Theirs is the “last generation,” Witt writes, “that lived some part of life without the Internet, who were trying to adjust our reality to our technology.”Weigel, a Ph. candidate in comparative literature at Yale, embarked on her charmingly digressive, nonacademic history of American dating after being strung along by a caddish boyfriend torn between her and an ex-girlfriend. “It did not change gender roles and romantic relationships as dramatically as they would need to be changed in order to make everyone as free as the idealists promised,” she writes.
His confidence that he was entitled to what he desired (even if what he desired was to be indecisive), compared with her inability to assert her own needs, dismayed her. To understand how she, and women like her, came to feel so dispossessed, she decided to investigate the heritage encoded in the rituals of dating.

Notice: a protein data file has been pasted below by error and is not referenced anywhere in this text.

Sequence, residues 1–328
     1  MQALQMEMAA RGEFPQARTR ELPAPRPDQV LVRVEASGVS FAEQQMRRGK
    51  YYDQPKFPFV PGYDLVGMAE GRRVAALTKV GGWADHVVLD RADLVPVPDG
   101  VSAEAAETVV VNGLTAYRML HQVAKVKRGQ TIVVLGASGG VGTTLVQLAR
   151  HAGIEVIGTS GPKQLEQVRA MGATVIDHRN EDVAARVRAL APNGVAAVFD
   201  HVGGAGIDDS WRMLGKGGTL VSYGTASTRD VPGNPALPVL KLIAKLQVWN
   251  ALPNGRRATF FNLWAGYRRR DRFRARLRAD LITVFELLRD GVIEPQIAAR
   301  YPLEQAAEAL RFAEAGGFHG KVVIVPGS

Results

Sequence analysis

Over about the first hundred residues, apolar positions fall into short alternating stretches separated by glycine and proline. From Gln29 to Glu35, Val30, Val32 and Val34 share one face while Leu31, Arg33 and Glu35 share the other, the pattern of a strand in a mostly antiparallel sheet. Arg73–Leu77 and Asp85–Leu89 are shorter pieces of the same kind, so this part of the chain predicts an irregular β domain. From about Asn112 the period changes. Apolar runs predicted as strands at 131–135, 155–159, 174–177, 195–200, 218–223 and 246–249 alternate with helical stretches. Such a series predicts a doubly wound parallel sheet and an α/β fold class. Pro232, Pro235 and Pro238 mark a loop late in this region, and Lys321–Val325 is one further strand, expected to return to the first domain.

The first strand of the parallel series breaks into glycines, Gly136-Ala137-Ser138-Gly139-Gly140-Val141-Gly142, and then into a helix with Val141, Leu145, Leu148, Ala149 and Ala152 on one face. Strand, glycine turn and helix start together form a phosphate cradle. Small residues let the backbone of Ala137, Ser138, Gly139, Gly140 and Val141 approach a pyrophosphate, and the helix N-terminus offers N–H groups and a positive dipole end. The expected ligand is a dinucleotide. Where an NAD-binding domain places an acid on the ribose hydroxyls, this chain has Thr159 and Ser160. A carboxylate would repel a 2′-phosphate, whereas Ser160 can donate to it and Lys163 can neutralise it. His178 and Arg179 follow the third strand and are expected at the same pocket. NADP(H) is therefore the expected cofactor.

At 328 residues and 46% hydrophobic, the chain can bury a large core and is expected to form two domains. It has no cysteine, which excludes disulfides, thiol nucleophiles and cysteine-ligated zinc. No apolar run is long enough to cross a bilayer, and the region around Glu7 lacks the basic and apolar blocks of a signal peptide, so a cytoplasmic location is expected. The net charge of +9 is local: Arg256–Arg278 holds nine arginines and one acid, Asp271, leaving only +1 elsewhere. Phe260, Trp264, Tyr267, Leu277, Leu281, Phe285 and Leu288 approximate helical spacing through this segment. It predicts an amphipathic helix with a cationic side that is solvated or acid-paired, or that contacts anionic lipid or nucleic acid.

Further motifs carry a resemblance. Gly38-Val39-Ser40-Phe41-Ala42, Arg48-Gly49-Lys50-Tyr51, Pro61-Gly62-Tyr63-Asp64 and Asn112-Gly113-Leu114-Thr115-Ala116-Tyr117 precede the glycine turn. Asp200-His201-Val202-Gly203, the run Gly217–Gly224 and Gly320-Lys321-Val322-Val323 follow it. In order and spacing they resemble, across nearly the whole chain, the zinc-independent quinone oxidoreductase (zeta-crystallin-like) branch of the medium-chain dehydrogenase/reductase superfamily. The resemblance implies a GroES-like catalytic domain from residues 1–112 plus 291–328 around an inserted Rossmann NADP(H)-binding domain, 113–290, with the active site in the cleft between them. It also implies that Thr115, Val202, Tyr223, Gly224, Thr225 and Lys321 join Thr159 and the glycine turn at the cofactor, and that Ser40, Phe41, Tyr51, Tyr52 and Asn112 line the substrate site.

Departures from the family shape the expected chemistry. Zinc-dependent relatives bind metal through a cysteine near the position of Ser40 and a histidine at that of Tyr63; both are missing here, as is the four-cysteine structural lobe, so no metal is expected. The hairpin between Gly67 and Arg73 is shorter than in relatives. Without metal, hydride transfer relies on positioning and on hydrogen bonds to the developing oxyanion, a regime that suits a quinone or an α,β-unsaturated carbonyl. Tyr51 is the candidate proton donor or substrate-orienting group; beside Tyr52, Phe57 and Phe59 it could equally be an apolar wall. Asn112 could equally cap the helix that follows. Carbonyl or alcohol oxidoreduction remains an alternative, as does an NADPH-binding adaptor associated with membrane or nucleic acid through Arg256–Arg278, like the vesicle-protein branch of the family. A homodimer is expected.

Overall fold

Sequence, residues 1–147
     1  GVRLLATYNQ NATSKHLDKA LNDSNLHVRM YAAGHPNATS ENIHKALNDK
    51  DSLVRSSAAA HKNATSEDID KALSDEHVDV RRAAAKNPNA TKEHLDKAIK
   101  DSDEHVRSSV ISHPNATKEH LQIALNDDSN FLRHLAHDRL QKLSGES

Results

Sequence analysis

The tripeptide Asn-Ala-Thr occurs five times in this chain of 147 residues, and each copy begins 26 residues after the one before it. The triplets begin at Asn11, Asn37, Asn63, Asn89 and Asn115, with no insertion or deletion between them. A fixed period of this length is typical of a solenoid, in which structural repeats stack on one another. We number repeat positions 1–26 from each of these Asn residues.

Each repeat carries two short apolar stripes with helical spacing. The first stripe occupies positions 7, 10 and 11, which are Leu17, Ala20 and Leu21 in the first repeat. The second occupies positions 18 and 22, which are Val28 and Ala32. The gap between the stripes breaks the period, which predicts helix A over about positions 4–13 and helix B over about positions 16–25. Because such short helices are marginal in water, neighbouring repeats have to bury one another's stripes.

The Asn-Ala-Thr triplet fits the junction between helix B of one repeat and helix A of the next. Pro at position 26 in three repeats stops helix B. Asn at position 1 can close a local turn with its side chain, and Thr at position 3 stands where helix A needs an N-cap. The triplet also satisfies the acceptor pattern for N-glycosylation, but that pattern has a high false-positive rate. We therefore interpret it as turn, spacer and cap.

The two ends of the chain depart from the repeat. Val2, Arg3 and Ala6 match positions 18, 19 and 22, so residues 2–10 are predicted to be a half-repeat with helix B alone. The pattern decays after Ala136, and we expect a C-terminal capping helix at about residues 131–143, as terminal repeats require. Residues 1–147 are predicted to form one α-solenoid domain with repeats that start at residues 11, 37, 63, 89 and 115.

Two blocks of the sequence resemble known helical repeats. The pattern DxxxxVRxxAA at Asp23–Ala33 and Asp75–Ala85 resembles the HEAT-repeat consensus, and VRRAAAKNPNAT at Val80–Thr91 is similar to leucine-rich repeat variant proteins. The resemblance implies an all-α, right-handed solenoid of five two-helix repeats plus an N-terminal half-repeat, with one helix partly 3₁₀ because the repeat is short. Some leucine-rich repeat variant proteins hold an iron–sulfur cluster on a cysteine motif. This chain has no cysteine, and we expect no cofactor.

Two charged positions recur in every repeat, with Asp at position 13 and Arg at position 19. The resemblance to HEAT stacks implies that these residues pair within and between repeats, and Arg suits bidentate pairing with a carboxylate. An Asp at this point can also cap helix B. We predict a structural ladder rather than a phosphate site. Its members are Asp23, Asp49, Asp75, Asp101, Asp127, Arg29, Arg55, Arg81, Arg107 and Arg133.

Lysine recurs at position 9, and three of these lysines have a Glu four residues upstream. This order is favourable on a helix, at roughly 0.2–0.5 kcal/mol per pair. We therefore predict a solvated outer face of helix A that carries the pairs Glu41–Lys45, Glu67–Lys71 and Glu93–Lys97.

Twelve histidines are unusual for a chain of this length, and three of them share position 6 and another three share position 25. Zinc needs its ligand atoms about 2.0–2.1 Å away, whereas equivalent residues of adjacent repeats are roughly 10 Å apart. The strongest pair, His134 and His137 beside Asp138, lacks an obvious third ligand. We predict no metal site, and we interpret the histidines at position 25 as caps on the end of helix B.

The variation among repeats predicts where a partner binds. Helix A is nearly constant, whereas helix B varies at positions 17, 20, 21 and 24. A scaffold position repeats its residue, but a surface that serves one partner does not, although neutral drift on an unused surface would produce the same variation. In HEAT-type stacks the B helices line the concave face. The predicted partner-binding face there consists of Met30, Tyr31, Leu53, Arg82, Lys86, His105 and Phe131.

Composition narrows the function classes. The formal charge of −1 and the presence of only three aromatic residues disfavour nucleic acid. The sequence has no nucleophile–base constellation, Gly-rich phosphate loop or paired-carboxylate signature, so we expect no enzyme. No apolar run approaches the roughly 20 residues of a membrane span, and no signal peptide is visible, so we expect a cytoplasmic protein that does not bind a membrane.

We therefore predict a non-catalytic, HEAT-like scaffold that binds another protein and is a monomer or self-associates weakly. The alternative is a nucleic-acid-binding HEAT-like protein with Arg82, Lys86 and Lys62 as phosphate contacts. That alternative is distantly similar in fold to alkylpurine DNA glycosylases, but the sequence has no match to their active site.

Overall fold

Yet the round-robin of sex and intermittent attachment doesn’t look like much fun.
If you’re one of the many who have used an online dating service (among those “single and looking,” more than a third have), you know how quickly dating devolves into work.
prime candidates for dating from age 14 or younger to close to 30 or older.
That’s about 15 years, or roughly a fifth of their lives.
Adopting the role of participant-observer, she moves through an assortment of sexual subcultures.